ASIC clarifies rule around ‘independent’

The Australian Securities and Investments Commission (ASIC) has obtained legal advice and clarified its position on the use of restricted terms relating to the independence of financial advisers.

The regulator now says that if a financial adviser does not receive any commissions or volume-based payments, or other gifts or benefits and has no conflicts of interest or influence from any product issuer, then they can describe themselves as being “independently owned”.

However, if the financial adviser does receive commissions or operates with conflicts of interest, then they will not be permitted to use the term “independently owned” or other like words or expressions.

Related News:

Commenting on the clarified position, ASIC deputy chairman, Peter Kell said the independence of financial advisers was an important issue for consumers and investors, and might sway their decisions about their investments or their choice of adviser.

“Consumers must not be misled into believing that an adviser is independent and free from influence when that is not the case. This is why the Corporations Act puts strong conditions around the use of 'independent' and similar word and phrases,” he said.

Kell said ASIC acknowledged that there has been uncertainty in the financial advice industry about whether terms such as “independently-owned” and “non-aligned” were restricted terms under s923A and in light of that uncertainty, the regulator would provide a facilitative compliance period of six months so that advice firms that do not satisfy the conditions in s923A could change websites and documents to remove terms such as “independently owned”, “non-aligned” or “non-institutionally owned”.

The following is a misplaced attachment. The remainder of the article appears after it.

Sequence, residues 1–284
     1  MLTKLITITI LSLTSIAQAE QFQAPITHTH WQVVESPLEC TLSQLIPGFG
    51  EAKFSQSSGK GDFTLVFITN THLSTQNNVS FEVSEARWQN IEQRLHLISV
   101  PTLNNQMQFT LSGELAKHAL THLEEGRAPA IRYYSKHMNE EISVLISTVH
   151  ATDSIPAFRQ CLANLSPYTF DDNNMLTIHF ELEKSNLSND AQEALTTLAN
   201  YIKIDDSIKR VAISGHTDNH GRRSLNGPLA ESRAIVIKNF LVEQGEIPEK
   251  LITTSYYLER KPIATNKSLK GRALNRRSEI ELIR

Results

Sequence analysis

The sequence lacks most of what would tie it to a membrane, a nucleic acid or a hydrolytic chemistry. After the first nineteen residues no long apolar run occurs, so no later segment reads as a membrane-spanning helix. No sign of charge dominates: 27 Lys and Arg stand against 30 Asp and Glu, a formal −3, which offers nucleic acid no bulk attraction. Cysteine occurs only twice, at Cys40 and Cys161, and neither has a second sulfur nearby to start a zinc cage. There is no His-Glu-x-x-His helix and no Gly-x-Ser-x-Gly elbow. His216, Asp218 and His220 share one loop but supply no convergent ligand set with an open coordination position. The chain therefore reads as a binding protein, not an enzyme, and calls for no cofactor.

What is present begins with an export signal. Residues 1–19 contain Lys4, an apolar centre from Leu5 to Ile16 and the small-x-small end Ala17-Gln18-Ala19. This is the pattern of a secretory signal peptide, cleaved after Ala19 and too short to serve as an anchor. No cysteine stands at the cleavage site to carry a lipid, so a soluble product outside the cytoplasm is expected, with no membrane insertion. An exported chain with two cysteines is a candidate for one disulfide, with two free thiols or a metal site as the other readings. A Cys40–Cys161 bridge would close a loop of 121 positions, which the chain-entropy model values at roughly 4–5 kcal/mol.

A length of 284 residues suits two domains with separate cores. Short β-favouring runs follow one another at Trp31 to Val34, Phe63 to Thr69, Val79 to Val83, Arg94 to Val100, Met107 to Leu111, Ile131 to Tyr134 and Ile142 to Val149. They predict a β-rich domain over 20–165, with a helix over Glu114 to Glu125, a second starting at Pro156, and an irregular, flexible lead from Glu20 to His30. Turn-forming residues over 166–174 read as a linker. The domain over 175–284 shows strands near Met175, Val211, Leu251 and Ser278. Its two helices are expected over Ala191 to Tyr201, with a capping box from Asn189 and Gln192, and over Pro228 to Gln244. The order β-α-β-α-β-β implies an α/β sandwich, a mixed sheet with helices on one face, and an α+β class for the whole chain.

The facilitative compliance period will not extend to contraventions of s923A where the specified restricted terms “independent”, “impartial”, and “unbiased” are used. ASIC considers that there has been no uncertainty about how s923A applies to these terms and ASIC will continue to take action against financial service providers for using these terms in breach of s923A.




Related Content

Last resort compensation – is anyone listening?

Mike Taylor writes that a broad cross-section of the financial services industry has voiced its concerns about a compensation scheme of last resort bu...more

Designing for humans in wealth management

Wealth management firms must adapt their model, infrastructure, and workforce to ensure customer interaction is a low-friction, enjoyable experience, ...more

Persevering through a year of volatility

Global Equities (Regional & Emerging Markets)WinnerLazard Emerging Markets FundFinalistsAberdeen Emerging Opportunities Fund  ...more

Author

Comments

Comments

The original intent of the banning of the use of the word "independent" was about identifying who received commission. Now that commission is banned, AND all fees and income have to be disclosed to the consumer, repeatedly, the legislation should be reworded to help consumers understand who has genuine links to product providers (ie provides their licence to operate, like the banks and industry fund do for their advisers), and who doesn't.
Let's hope that the hopelessly conflicted ASIC approach is really about forcing the politicians hands to move on this, rather than just another protective measure for their best friends, the industry funds and the banks.

This is nothing more than a hateful, anti-adviser agenda from a bureaucrat who never bothered to get out into the real world to witness the hard work, passion and dedication I see every day in the non-aligned advice space. If Kell believed his own comments, he would immediately apply the same rule to industry fund product providers, who are suddenly using the word independent and accountants, most of whom have only one product to sell - their own, in-house SMSF service. To have those two groups marketing their advice as independent is laughable.

Add new comment